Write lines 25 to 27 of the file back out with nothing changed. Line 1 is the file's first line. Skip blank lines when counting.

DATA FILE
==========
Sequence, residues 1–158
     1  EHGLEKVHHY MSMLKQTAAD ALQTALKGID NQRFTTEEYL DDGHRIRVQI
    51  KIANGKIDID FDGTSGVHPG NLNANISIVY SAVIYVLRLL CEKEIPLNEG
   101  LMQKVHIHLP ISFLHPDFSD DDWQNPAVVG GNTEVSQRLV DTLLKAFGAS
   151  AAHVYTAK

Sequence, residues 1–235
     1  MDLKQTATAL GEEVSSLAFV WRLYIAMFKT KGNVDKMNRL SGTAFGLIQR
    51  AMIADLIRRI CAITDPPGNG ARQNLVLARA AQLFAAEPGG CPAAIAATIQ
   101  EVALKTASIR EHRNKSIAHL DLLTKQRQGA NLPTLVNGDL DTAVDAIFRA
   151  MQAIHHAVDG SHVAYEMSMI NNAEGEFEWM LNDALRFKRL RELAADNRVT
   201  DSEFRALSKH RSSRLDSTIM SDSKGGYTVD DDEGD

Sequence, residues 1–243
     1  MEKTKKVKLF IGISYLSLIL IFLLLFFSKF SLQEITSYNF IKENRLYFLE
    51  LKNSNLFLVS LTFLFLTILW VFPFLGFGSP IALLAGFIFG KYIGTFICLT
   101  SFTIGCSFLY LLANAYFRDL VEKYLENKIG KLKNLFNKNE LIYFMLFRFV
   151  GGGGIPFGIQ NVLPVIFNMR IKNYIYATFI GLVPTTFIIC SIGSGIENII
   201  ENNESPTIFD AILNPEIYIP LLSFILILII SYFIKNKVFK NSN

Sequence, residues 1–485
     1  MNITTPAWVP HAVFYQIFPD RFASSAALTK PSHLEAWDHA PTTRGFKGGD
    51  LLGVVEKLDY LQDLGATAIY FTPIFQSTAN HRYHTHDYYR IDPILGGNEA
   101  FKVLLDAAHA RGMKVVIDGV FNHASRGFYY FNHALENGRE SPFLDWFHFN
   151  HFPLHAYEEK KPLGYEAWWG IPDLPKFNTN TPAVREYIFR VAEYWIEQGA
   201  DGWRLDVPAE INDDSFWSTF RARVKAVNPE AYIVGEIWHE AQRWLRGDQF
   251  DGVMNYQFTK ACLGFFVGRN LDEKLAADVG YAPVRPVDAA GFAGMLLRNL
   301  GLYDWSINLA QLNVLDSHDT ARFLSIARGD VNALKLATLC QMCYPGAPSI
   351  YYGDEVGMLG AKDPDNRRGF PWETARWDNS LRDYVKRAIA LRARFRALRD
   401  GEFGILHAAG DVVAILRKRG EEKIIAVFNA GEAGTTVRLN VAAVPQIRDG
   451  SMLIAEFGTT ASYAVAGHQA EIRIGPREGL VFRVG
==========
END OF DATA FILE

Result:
   301  GLYDWSINLA QLNVLDSHDT ARFLSIARGD VNALKLATLC QMCYPGAPSI
   351  YYGDEVGMLG AKDPDNRRGF PWETARWDNS LRDYVKRAIA LRARFRALRD
   401  GEFGILHAAG DVVAILRKRG EEKIIAVFNA GEAGTTVRLN VAAVPQIRDG